Robert E. Hayden was the first black poet to be chosen as consultant in poetry to the Library of Congress, a position described by Thomas W. Ennis of the New York Times as "the American equivalent of the British poet laureate designation." Hayden's formal, elegant poems about the black historical experience earned him a number of other major awards as well. "Robert Hayden is now generally accepted," Frederick Glaysher stated in Hayden's Collected Prose, "as the most outstanding craftsman of Afro-American poetry."
The historical basis for much of Hayden's poetry stemmed from his extensive study of American and black history. Beginning in the 1930s, when he researched black history for the Federal Writers' Project in his native Detroit, Hayden studied the story of his people from their roots in Africa to their present condition in the United States. "History," Charles T. Davis wrote in Modern Black Poets: A Collection of Critical Essays, "has haunted Robert Hayden from the beginning of his career as a poet." As he once explained to Glenford E. Mitchell of World Order, Hayden saw history "as a long, tortuous, and often bloody process of becoming, of psychic evolution."
Other early influences on Hayden's development as a poet were W. H. Auden, under whom Hayden studied at the University of Michigan, and Stephen Vincent Benet, particularly Benet's poem "John Brown's Body." That poem describes the black reaction to General Sherman's march through Georgia during the Civil War and inspired Hayden to also write of that period of history, creating a series of poems on black slavery and the Civil War that won him a Hopwood Award in 1942.
After graduating from college in 1944, Hayden embarked on an academic career. He spent some twenty-three years at Fisk University, where he rose to become a professor of English, and ended his career with an eleven-year stint at the University of Michigan. Hayden told Mitchell that he considered himself to be "a poet who teaches in order to earn a living so that he can write a poem or two now and then."
Although history played a large role in Hayden's poetry, many of his works were also inspired by the poet's adherence to the Baha'i faith, an Eastern religion that believes in a coming world civilization. Hayden served for many years as the poetry editor of the group's World Order magazine. The universal outlook of the Baha'is also moved Hayden to reject any narrow racial classification for his work.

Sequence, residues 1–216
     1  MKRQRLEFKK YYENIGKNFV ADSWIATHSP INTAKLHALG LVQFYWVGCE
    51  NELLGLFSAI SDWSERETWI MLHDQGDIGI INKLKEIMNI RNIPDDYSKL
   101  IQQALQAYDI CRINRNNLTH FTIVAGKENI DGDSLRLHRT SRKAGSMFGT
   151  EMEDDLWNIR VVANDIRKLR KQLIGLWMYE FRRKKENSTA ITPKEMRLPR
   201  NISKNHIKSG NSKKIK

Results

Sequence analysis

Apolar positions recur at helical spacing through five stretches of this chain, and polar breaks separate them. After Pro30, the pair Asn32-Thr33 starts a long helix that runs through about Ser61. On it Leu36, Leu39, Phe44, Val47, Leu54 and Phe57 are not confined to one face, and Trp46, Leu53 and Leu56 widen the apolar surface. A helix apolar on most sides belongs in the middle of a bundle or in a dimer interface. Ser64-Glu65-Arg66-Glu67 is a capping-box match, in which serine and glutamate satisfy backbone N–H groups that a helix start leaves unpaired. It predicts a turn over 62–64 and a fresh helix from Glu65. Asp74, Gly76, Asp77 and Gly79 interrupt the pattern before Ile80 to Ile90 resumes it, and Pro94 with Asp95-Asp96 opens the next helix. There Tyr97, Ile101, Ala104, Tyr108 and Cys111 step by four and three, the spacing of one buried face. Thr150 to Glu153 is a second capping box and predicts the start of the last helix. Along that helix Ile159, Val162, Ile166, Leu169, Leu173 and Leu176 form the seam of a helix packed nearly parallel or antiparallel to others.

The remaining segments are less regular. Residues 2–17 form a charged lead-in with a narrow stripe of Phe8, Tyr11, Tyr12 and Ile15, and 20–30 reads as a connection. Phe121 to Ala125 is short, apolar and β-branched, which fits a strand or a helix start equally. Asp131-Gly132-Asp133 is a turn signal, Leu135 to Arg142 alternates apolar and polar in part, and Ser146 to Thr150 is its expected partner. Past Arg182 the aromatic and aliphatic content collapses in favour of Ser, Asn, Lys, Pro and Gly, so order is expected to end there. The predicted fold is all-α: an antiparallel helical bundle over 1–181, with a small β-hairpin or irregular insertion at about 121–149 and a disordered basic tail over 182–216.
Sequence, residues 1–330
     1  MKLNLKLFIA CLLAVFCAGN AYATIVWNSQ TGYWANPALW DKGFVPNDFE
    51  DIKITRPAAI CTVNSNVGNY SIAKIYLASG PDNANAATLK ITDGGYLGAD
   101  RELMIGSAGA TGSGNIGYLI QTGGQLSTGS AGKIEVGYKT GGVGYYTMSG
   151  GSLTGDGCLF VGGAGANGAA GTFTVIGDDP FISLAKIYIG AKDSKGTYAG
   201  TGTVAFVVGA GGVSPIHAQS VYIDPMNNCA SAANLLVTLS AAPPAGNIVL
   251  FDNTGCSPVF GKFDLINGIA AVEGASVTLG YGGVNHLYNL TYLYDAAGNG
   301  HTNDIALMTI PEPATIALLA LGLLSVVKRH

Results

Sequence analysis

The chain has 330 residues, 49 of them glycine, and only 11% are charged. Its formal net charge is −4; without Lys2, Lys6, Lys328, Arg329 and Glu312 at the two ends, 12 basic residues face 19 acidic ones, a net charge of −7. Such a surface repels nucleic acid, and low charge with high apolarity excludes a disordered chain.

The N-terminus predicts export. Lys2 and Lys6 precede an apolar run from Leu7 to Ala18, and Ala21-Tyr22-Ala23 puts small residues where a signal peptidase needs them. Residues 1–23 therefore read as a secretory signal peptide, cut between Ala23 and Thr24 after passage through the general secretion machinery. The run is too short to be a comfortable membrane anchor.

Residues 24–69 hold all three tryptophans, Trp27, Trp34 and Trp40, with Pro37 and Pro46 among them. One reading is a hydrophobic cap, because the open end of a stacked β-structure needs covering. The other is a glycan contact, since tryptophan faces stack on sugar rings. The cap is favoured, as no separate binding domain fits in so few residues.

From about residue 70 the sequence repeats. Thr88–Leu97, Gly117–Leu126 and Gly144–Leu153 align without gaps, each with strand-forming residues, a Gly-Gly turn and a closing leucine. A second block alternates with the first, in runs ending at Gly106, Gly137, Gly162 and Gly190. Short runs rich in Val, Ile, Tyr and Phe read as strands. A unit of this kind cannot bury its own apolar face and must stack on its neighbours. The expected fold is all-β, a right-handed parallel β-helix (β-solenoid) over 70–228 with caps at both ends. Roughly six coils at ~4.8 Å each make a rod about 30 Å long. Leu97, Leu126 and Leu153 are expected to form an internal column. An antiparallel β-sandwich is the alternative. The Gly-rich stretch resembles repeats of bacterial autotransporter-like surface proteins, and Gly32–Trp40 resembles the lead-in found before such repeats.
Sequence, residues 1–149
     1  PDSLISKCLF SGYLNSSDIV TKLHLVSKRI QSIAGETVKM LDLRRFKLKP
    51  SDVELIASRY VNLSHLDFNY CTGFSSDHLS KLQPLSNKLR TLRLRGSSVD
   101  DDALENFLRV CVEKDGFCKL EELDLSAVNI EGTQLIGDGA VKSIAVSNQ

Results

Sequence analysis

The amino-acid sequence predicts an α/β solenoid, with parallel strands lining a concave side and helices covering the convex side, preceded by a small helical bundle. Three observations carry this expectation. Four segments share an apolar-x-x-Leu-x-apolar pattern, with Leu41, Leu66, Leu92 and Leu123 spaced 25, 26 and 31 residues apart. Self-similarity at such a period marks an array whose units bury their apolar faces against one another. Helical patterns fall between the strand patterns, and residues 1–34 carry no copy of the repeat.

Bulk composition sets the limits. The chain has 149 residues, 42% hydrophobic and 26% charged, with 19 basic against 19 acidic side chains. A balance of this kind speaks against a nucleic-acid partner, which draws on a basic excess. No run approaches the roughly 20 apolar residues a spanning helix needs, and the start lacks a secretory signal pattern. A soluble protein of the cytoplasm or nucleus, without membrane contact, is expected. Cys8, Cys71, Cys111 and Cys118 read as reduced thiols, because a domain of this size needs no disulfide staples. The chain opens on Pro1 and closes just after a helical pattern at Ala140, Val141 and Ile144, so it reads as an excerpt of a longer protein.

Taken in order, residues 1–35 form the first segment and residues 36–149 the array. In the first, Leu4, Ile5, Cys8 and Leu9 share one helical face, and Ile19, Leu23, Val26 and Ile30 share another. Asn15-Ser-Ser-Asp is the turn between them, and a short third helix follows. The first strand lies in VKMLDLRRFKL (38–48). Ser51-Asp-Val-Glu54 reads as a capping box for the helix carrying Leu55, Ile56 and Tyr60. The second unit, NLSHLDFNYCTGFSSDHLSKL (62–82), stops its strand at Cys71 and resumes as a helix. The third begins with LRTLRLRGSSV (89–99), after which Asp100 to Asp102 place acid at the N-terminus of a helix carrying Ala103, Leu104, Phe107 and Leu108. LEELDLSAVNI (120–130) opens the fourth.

James Mann of the Dictionary of Literary Biography claimed that Hayden "stands out among poets of his race for his staunch avowal that the work of black writers must be judged wholly in the context of the literary tradition in English, rather than within the confines of the ethnocentrism that is common in contemporary literature written by blacks." As Lewis Turco explained in the Michigan Quarterly Review, "Hayden has always wished to be judged as a poet among poets, not one to whom special rules of criticism ought to be applied in order to make his work acceptable in more than a sociological sense."
This stance earned Hayden harsh criticism from other blacks during the polarized 1960s. He was accused of abandoning his racial heritage to conform to the standards of a white, European literary establishment. "In the 1960s," William Meredith wrote in his foreword to Collected Prose, "Hayden declared himself, at considerable cost in popularity, an American poet rather than a black poet, when for a time there was posited an unreconcilable difference between the two roles. . . . He would not relinquish the title of American writer for any narrower identity."